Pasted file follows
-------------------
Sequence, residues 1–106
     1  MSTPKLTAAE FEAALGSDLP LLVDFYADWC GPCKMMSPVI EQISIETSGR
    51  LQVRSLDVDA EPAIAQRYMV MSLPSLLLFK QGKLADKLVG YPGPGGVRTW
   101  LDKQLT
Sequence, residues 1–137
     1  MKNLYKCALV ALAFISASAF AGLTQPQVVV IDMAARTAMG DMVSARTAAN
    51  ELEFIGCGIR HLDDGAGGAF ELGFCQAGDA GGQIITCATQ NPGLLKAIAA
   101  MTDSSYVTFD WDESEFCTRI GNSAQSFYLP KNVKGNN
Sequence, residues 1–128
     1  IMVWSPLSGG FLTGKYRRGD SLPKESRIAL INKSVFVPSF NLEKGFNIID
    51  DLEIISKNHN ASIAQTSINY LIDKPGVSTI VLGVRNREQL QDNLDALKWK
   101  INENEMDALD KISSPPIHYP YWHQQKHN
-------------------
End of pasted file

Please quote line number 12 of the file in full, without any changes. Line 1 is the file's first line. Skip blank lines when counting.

   101  INENEMDALD KISSPPIHYP YWHQQKHN